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article imageTransCanada suspends Keystone XL pipeline permit request

By Brett Wilkins     Nov 3, 2015 in Environment
Washington - TransCanada, the company seeking to build the Keystone XL oil pipeline, has asked the US government to suspend its permit application, a move that may delay a final decision on the controversial project until after President Barack Obama leaves office.
TransCanada made its request in a Monday letter to US Secretary of State John Kerry, explaining that it wishes to suspend its application while the company undergoes a state review process in Nebraska that it previously resisted. Opposition to a planned route through the state has delayed that process; the Calgary, Alberta-based company says it needs time for "certainty regarding the Nebraska route."
"On October 5, TransCanada filed an application with the Nebraska Public Service Commission for approval of its preferred route in Nebraska," the letter states. "We have taken this action in light of litigation in Nebraska which called into question the constitutionality of the statute under which Governor Heineman had approved the route in 2013. It is anticipated that the route approval process before the Public Service Commission will take seven to twelve months to complete."
TransCanada's request came as the State Department progressed through the final stages of review, with many observers expecting a rejection of the company's permit as soon as this week. Coupled with continuing low oil prices, the move is all but certain to delay a final decision on the pipeline until after next year's presidential election. President Obama has been faced with the politically fraught decision of whether or not to allow the construction of the 1,179-mile (1,897-km) pipeline that would carry some 800,000 daily barrels of petroleum from Canada's oil sands through six US states down to the Gulf of Mexico.
Seeking to balance commitments to both the economy and the environment, the Obama administration has at times been ambiguous about its stance on Keystone XL. The administration has alternated between rejecting the pipeline and suggesting that it could be built if it does not significantly increase greenhouse gas emissions.
Tiernan Sittenfeld, senior vice president of government affairs at the League of Conservation Voters, told the New York Times that TransCanada's request is a “desperate and cynical” attempt to salvage the project.
“TransCanada is losing, and they’re trying to preserve their options to be able to build the pipeline someday if they can get a climate denier in the White House,” asserted Sittenfeld. “Given President Obama’s incredible leadership when it comes to climate change, we remain very confident that he will reject this dirty and dangerous pipeline once and for all."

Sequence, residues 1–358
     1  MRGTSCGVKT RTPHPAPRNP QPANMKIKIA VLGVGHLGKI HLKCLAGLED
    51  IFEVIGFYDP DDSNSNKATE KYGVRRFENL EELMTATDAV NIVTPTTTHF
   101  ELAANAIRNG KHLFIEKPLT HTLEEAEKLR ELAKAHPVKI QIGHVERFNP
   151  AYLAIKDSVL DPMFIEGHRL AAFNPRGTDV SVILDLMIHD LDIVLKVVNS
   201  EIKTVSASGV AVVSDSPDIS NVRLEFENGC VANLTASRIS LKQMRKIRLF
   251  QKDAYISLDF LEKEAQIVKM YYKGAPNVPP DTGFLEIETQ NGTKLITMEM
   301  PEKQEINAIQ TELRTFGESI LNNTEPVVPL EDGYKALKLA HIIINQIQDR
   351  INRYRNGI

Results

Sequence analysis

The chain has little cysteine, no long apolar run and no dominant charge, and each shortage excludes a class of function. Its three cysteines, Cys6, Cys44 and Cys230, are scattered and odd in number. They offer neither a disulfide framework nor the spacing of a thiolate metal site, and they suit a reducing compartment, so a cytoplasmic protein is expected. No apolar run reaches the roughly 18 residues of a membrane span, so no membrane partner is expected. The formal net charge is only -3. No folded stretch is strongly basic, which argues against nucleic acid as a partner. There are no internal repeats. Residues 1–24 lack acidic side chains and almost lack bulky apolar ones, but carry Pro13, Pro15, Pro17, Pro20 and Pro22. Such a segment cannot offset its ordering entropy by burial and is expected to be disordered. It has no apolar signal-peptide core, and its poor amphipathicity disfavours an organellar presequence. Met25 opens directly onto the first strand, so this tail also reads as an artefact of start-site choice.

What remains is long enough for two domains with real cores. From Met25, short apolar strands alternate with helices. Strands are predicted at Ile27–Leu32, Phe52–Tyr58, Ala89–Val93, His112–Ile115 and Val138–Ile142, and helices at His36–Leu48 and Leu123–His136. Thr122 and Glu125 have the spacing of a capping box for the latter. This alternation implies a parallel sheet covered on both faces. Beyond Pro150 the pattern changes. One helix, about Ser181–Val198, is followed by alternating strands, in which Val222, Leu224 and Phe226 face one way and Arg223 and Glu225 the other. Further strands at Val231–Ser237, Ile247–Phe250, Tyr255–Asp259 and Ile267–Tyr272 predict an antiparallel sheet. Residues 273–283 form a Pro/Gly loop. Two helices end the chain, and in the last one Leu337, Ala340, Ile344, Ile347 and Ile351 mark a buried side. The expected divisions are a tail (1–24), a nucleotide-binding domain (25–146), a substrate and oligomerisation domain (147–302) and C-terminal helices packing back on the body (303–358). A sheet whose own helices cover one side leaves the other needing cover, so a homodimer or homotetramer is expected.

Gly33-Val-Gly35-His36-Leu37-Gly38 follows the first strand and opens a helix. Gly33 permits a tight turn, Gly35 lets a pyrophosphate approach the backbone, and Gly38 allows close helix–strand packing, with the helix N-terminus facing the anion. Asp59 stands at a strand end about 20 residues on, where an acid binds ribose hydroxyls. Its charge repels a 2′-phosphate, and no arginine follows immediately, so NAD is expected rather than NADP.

All Republican presidential candidates support Keystone XL, while all the Democratic candidates say they oppose it. The project lost key support with the ouster last month of long-ruling Conservative Prime Minister Stephen Harper, a staunch pipeline supporter, and with the election in May of a left-leaning New Democratic Party government in Alberta that has stopped pro-pipeline lobbying. Prime Minister-elect Justin Trudeau says he supports Keystone XL but will not make the pipeline a priority in Canadian-US relations.
Since it first applied for a permit in late 2008, TransCanada, which has spent at least $2.5 billion on the project to date, has faced fierce resistance from environmentalists, indigenous groups and landowners who say the pipeline will put people and wildlife at risk from toxic oil spills, polluted water and other dangers.
"The Keystone XL pipeline will slice through America's agricultural heartland, the Missouri, Platte, and Niobrara Rivers, the Ogallala aquifer, habitat for sage grouse and sandhill cranes, walleye fisheries and much more," warns the National Wildlife Federation. "Our public water supplies, croplands, and recreational opportunities will all be at risk of dangerous tar sands oil spills like the million-gallon Enbridge oil spill in Michigan."
Pipeline backers on both sides of the border say the project will help transform Canada into an energy superpower, create thousands of jobs and reduce American dependency on Middle Eastern oil.
Sen. John Hoeven (R-ND), a vocal Keystone XL supporter, blamed the Obama administration’s lengthy review process for TransCanada's suspension request.
“It is clear President Obama was going to deny the permit,” Hoeven told the Wall Street Journal. “The costly delay has prevented the company from proceeding on a new pipeline that would have brought oil… to US refineries and jobs and revenue to local communities.”
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